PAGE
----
On the other hand, if someone wants the same level of automation from cheap parts, then getting a 10 usd arduino and doing it yourself is possible. It's possible to make it plug and play the same way as the Tomix system, but that's a lot of work. Imho you can get 8-10 blocks, 4-8 individual throttles and around 20 sensors and/or turnouts out of a single arduino mega2560, but once you add up all the costs and make it plug and play, the Tomix system would be very much around the same mark. (one T-ND100 i/o unit can output 8 bipolar signals and handle 8 two channel inputs, which means at least 8*8=64 bits out, 8*2=16 bits in, a theoretical signal driver could piggy back onto a single 8 bit output channel, allowing up to two 3 color signals per slot, so a single base box could handle 4 blocks, 2 turnouts and 4 three color signals)

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kvp said, "once you add up all the costs and make it plug and play, the Tomix system would be very much around the same mark."


I should think the same is true for DCC, which would also require conversion of all your engines, and likely additional costs and work to provide all the functions of the Tomix unit.  Not to mention more conversions for any future engines that you may acquire.

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Somehow I really feel like saving up for this system. It might be expensive, but it's only about the cost of a few train sets. If your focus is more on running trains, rather than collecting, this would be a good choice IMHO. You can run anything from your collection on it and vary the layout every time, or experiment with it for a more permanent layout almost endlessly. It's expensive, but I can see quite a few people buying this system to build layouts and enjoy them with a beer while watching the trains roll by.

Edited by Kabutoni
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You bring up a good point. Initially my though automatically goes to "why not just go DCC" but if one collects first and runs second this becomes a viable solution.

Buy it, run it, display it.


I have a friend that has 350 engines in his collection and I know for a fact that installing decoders will not happen.


Collection and modeling, two different needs, two different objectives. Learn something everyday.



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This looks very interesting from my perspective of running a parade of trolleys and trams on single-direction loop tracks with automatic control and collision prevention. It would be great for layouts built with T-trak and the EasyTrolley concept at public shows. Digital control is not the same as automatic operation, since it requires attentive operators who can see every part of the layout in order to avoid crashes. When people get distracted or talking at a show, crashes happen!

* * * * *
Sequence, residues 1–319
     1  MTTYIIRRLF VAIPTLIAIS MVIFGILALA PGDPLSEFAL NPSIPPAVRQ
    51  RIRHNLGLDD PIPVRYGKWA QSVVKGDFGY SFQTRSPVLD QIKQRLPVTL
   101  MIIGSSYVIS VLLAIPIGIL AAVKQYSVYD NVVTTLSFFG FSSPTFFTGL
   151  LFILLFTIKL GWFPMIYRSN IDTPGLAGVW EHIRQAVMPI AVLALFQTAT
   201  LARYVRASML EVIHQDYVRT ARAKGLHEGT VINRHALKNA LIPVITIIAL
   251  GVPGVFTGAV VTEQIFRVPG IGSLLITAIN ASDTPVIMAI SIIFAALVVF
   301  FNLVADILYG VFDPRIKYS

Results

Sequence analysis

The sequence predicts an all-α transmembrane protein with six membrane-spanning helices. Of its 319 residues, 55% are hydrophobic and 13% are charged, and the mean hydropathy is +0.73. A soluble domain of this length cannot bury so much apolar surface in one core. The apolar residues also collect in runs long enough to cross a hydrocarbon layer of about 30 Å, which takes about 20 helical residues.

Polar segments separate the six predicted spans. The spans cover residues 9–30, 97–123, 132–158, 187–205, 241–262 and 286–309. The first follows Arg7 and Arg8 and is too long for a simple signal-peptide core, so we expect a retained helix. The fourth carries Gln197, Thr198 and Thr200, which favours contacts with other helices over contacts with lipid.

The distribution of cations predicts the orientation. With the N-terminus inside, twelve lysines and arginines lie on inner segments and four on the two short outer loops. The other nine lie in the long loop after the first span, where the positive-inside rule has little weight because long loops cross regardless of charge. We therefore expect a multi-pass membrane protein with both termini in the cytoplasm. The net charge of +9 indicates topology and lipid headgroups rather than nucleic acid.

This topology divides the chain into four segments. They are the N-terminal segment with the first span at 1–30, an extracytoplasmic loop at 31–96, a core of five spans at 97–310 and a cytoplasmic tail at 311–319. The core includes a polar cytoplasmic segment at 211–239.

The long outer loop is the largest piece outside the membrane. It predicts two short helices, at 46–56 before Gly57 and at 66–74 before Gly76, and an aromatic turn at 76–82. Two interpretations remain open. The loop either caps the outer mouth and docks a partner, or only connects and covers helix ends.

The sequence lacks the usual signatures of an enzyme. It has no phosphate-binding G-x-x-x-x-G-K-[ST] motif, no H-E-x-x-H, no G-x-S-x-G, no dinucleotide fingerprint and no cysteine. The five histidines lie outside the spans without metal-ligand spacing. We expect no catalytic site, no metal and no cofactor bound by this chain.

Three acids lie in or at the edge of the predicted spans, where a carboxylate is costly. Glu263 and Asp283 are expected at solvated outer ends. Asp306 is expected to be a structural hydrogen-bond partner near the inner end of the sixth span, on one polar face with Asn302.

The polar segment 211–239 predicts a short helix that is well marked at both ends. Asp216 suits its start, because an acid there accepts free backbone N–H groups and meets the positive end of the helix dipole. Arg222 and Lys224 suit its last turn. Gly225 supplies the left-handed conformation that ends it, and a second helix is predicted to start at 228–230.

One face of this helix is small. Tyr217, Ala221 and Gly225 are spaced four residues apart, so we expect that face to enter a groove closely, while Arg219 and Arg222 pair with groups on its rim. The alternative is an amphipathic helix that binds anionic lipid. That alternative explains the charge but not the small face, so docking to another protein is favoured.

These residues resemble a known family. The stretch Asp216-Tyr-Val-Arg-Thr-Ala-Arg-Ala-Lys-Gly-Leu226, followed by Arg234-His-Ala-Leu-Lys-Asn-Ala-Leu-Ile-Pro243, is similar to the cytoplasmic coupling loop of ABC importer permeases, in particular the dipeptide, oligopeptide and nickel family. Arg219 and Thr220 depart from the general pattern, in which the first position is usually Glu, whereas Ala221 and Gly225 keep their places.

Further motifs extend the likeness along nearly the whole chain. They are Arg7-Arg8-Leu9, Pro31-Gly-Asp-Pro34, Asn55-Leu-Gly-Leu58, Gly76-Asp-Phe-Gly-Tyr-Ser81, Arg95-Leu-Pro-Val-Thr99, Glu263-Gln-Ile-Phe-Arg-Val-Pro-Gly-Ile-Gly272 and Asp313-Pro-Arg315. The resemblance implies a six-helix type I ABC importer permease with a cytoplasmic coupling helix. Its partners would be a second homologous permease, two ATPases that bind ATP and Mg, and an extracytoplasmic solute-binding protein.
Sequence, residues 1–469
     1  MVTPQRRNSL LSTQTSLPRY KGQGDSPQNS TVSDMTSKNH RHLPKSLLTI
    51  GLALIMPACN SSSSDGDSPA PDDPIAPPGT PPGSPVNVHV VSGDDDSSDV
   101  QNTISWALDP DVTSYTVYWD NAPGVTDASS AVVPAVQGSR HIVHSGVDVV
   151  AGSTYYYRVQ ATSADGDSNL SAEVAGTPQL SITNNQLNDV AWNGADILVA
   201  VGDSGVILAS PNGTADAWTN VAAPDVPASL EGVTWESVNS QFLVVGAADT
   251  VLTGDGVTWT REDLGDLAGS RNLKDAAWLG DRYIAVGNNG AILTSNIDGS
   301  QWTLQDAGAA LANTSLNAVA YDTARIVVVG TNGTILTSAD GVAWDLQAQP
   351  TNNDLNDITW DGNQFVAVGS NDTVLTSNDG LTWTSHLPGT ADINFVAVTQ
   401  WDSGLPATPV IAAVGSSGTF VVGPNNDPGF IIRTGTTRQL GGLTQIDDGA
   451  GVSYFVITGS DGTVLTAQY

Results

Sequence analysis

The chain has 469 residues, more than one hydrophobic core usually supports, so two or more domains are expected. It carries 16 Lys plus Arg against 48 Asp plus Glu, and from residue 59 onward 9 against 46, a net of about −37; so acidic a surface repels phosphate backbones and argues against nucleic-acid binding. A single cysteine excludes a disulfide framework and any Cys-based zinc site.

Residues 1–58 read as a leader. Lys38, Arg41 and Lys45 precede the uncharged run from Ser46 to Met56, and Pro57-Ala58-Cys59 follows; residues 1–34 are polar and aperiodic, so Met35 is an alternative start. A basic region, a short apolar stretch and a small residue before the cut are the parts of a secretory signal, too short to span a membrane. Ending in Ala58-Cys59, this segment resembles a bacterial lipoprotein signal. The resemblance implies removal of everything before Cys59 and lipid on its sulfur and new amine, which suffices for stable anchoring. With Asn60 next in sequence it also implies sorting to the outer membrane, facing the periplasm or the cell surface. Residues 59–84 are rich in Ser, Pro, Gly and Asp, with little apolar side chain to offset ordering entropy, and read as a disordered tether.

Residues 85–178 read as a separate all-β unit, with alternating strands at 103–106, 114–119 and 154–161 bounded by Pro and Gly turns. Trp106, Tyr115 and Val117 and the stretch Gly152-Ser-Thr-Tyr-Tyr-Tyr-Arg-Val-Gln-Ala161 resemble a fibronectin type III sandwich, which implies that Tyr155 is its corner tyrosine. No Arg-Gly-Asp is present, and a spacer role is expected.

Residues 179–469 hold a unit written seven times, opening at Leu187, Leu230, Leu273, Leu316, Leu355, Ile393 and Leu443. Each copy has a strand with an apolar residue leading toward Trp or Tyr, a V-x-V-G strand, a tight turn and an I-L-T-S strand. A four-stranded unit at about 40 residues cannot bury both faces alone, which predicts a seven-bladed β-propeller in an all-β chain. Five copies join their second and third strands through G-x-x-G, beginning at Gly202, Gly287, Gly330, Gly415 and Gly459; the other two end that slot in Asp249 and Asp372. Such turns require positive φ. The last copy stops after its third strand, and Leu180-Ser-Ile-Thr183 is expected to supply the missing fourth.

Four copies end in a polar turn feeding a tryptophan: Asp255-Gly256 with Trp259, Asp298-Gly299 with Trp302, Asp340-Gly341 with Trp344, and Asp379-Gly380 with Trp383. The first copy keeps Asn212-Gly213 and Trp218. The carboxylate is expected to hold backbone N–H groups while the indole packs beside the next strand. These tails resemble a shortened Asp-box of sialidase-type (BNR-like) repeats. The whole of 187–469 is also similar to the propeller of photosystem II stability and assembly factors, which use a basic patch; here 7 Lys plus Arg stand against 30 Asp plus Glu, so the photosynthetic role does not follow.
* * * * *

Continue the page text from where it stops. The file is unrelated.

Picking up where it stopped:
kvp, am I right that the points and feeder modules are the small black blocks that look like they slide into the open holes on the front edge of the black I/O box? I wonder if it is possible to have 8 feeder and 0 point modules (or some other combination) instead of 4 and 4 in each box. It also appears from the latest, 13-minute video (with the wildly-uniformed operator) that they have 2 sensors per feeder block in that layout, doing the slowing and absolute stop functions, similar to the older 5563 Automatic Operation Unit.


It's unclear to me how the "programming" is done. Is it really by entering instructions into the system from its keypad or otherwise, or simply in how the cabling is arranged? I don't see how the station stops shown in this video, made when the block ahead is clear, could be programmed just by cable arrangement.


There's a lot more to learn about this system, but it is intriguing!


Rich K.

Edited by brill27mcb
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The funny thing is you would still need the sensors and the turnout drivers for DCC automation and you'll need at least one throttle, a booster and a central. These are the same components as in the Tomix system, except it comes with 4 drivers (analog boosters). If you add up the price for detectors, accessory decoders (without vehicle decoders), a central with automation support, etc. they quikly go above the Tomix price. And then there is a need for decoders too, that won't really be used beyond what analog cab control could do.


In fact, i think it would be possible to change the pwm-cl modulation of the Tomix unit to dcc with software modification only. Not that there is any real need for it.

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  • Densha changed the title to Tomix New Operation Control System (TNOS)